But surely the China story is good news! Well, there are now mega churches in provinces of China. High walls. Cross on top. One more feature…a closed circuit camera suspended directly in front of the pulpit. This is not for live broadcast. These cameras are controlled by the State. They are to directly monitor sermons for “dangerous” content. “They want the pastor to preach in a Communist way. They want to train people to practice in a communist way…the Old Testament book…Daniel…is seen as “very dangerous”…”
This seems pretty compromised.
To be fair, these must be gut-wrenching decisions for churches and pastors and believers to make. Do we work within the framework allowed by the culture in order to protect our level of “influence”/political freedom? Or, do we preach and live the full truth of the gospel, which challenges any and every political system?
The underground church in China has made their choice. Many Christians have left the Church of England to work more boldly for the Kingdom of God. They don’t want to be the religious arm of the State. But it’s not so easy to say that’s the only right choice.
Oh, for the happy day when those Christians who are fully and sacrificially devoted could win enough hearts and minds to eventually go public, joining those who have kept something going in the public realm. But tough questions remain…
It makes me wonder what John Wesley (kicked out of the Church of England for preaching the truth and challenging social norms) and Dietrich Bonhoeffer (founding member of the confessing church of resistance to Nazi Germany, who was killed in prison) would want to tell us…

Words of faith and hope…

Forging into the Future…


Storyboarding the GospelImageThe Missional Church Engaging the Community




This past weekend marked the beginning of a new adventure for NewHope Community Church! With funding from the Center for Congregations and the NW Indiana District, we embarked on a learning journey with other pastors and leaders in the Chicagoland area. It’s called the Forge Chicago Residency.  Forge was founded by Alan Hirsch (See my post from Oct. 30th) who is a pioneer in the Missional Church Movement. For the next 9 months we are being refreshed in our skills as missionaries to a changing culture. With coaching, cohort groups and weekend intensives we are being supported on this journey. But it’s no theoretical academic adventure. In addition to reading, praying, and meeting, we are required to engage our ministry context for at least 5hrs each week! That’s 5 hours outside the office rubbing shoulders and sharing life with real people from outside our church community in their life settings. This is something I’ve always done, but not always with this much structure and intentionality. It’s a great way to live and enjoy your Christian journey. I want to learn better how to help others experience this lifestyle that makes Christian life more meaningful.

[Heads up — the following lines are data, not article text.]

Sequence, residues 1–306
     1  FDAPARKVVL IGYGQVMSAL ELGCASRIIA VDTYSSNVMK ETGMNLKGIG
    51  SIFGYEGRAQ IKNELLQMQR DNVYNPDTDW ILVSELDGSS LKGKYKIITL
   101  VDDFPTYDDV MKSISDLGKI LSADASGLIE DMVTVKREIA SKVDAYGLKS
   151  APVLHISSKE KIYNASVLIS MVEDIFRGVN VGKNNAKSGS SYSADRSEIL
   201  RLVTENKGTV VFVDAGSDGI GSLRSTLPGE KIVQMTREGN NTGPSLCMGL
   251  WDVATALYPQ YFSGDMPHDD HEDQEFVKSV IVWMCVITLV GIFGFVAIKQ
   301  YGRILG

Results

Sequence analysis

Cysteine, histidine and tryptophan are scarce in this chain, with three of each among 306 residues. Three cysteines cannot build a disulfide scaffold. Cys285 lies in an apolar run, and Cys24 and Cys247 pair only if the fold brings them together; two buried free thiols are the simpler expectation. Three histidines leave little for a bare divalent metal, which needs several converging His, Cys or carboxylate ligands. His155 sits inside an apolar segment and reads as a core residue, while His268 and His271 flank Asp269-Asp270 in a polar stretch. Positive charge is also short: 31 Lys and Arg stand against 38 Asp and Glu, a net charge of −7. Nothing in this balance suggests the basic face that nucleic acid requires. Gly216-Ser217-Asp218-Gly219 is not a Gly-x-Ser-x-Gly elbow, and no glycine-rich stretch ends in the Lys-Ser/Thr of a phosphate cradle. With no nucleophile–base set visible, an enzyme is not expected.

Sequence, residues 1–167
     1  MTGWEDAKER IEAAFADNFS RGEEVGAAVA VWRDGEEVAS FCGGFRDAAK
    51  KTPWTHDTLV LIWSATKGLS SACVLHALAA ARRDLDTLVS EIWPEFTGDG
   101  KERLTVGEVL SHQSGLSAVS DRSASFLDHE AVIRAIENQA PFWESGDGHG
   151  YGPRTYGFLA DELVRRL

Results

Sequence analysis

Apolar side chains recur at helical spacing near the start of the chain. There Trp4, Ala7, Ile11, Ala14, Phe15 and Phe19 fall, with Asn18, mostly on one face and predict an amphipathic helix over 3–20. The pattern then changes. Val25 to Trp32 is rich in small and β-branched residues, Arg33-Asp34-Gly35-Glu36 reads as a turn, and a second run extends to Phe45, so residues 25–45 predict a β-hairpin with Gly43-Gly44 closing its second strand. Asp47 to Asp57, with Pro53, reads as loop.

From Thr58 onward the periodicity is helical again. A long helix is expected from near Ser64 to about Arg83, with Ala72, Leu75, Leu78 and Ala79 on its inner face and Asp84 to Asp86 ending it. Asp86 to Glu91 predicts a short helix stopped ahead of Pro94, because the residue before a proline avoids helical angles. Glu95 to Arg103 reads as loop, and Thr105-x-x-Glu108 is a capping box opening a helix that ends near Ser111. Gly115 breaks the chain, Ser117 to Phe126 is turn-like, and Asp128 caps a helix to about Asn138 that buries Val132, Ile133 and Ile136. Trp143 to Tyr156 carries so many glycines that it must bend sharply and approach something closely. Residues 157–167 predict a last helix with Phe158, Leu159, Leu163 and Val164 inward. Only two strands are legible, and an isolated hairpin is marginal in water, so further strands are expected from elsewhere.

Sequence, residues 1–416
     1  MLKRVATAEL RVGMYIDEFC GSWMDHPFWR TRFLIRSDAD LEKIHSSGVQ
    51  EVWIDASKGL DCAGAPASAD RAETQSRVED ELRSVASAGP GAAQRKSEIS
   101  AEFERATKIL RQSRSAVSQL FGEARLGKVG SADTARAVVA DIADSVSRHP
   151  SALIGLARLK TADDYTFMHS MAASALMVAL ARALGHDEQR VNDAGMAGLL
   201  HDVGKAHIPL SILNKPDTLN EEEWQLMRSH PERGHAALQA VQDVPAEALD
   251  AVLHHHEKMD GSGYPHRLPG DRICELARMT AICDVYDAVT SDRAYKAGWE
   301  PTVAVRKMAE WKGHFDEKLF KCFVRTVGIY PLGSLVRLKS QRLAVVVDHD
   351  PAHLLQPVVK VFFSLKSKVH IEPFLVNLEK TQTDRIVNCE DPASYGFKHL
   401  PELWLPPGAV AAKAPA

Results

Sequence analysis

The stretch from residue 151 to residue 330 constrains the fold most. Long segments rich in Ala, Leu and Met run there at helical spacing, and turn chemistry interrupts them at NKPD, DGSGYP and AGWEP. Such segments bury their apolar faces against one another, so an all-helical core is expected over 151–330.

I’m thrilled to begin this journey with other leaders from our church. I’ll keep you updated along the way. Prayers are appreciated for spiritual growth and real life-changing connections with others!


Snow Kingdom

Snow Kingdom

Yep, that’s our poor mailbox! This has been the winter to top them all! Never so cold for so long and NEVER so much snow! Thankfully I love the winter and this has been a postcard permanently etched in my soul memory.

Spooky Jesus vs The Gospel


Alan Hirsch spoke today at Pastors Appreciation Days on the campus of Olivet Nazarene University. You can click and view the chapel session here. Alan was an earlier innovator in the missional church movement. In fact, he pretty much coined the term “missional” vs “attractional”. Missional means that a church is focused on its mission rather than simply doing church or “getting people to come”. A missional church doesn’t expect people to come. The missional church goes. But today Hirsch reminded us that before we go we should make sure we’ve got the message down.